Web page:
Evolution of KRAB Zinc Finger Proteins vs. the Law of Large Numbers
There are patterns in biology that violate the law of large numbers, and thus suggests Intelligent Design or at the very least statistical miracles. The pattern involves KRAB-ZnF proteins that have multiple zinc finger domains side by side that are inexact copies of each other and would require a scenario of co-evolution of their DNA binding partners with every additional zinc-finger insertion — a scenario indistinguishable from a miracle.
The role of a zinc finger can be something like a clamp or a lock. Each zinc finger in a KRAB-ZnF protein is fine-tuned to connect with a DNA much like a lock (the zinc finger) can receive a key (like DNA). Here is a depiction of a KRAB-ZnF protein with 4 zinc fingers as part of a large chromatin modifying complex. The four zinc fingers are marked “ZN” and connect to DNA:
The evolutionary explanation of side-by-side repeated patterns of zinc fingers such as in KRAB-ZnF proteins shows a severe lack of critical thinking by evolutionary biologists who pretend “phylogenetic methods” are adequate explanations of mechanical feasibility of common descent.
To illustrate the problem, consider the KRAB-ZnF protein known as ZNF136. For reference, this is the amino acid sequence of ZNF136:
This is an amino acid fragment contained within the ZNF136 protein
This short sequence is called a zinc finger domain which in 3D looks like this:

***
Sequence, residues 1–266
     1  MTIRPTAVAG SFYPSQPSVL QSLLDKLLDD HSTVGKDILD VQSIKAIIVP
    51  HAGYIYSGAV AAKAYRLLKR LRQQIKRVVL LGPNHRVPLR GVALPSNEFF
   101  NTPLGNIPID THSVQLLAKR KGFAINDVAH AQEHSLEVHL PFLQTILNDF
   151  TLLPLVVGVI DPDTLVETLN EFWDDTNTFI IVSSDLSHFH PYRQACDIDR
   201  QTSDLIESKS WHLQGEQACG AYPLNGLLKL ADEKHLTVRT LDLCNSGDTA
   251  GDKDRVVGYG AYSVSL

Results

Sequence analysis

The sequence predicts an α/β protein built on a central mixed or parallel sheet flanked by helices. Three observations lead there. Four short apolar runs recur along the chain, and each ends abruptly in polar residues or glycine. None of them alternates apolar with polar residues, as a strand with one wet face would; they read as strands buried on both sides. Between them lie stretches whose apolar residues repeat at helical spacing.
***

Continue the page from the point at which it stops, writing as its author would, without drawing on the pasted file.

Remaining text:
Wiki gives a description of the function of zinc fingers in proteins that have them:
A zinc finger domain requires two “C” amino acids and two “H” amino acids placed in the right positions. It requires a few other things too…
There are 13 zinc fingers in the ZNF136 protein and these are their sequences:
For completeness, there is a degenerate zinc finger in ZNF136 with the sequence “YGEKPDTRNQCWKPFSSHHSFRTHEIIH”
Why are the Zinc Fingers so different in sequence (except for the conserved amino acids)? To target a section of DNA, the zinc finger must be tuned to target it. Think of the zinc finger like a lock and DNA as a key that fits into the lock. In fact, for both the study of biology and medical applications, humans have a desire to make their own zinc fingers — like lock smiths. To bind a large segments of DNA, side-by-side zinc-fingers have to be tuned to their respective side-by-side DNA partners such as illustrated here:
By the way, there is a website that helps researchers construct the right amino acid sequence to make a zinc finger for a particular DNA target:
Now, to visualize the critical/conserved amino acids, see the protein sequence here with highlights on “C” and “H” amino acids.
Note one of the lines is not exactly like the other lines in that it is missing a “C”. This is the degenerate zinc finger mentioned above. So there is 1 degenerate zinc finger and 13 functional ones.
From this diagram it is apparent that the regular appearance of “C” and “H” is a violation of the law of large numbers, hence this pattern is not due to random point mutation alone. To “solve” this problem, Darwinist explain the pattern through segment duplication followed by some point mutation and natural selection, but this is not mechanically feasible either!